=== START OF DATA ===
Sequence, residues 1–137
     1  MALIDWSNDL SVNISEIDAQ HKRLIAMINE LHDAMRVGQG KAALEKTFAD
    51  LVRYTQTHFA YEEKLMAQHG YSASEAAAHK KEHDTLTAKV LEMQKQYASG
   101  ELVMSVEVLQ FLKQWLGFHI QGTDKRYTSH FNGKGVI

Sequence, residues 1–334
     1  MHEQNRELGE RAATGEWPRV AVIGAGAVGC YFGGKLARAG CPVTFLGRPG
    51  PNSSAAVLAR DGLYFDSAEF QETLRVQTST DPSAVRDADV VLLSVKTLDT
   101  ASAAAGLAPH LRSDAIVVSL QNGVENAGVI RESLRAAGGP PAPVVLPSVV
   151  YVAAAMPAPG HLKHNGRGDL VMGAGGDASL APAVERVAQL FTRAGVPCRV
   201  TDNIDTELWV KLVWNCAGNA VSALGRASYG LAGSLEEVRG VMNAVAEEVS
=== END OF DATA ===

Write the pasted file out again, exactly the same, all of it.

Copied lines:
Sequence, residues 1–137
     1  MALIDWSNDL SVNISEIDAQ HKRLIAMINE LHDAMRVGQG KAALEKTFAD
    51  LVRYTQTHFA YEEKLMAQHG YSASEAAAHK KEHDTLTAKV LEMQKQYASG
   101  ELVMSVEVLQ FLKQWLGFHI QGTDKRYTSH FNGKGVI

Sequence, residues 1–334
     1  MHEQNRELGE RAATGEWPRV AVIGAGAVGC YFGGKLARAG CPVTFLGRPG
    51  PNSSAAVLAR DGLYFDSAEF QETLRVQTST DPSAVRDADV VLLSVKTLDT
   101  ASAAAGLAPH LRSDAIVVSL QNGVENAGVI RESLRAAGGP PAPVVLPSVV
   151  YVAAAMPAPG HLKHNGRGDL VMGAGGDASL APAVERVAQL FTRAGVPCRV
   201  TDNIDTELWV KLVWNCAGNA VSALGRASYG LAGSLEEVRG VMNAVAEEVS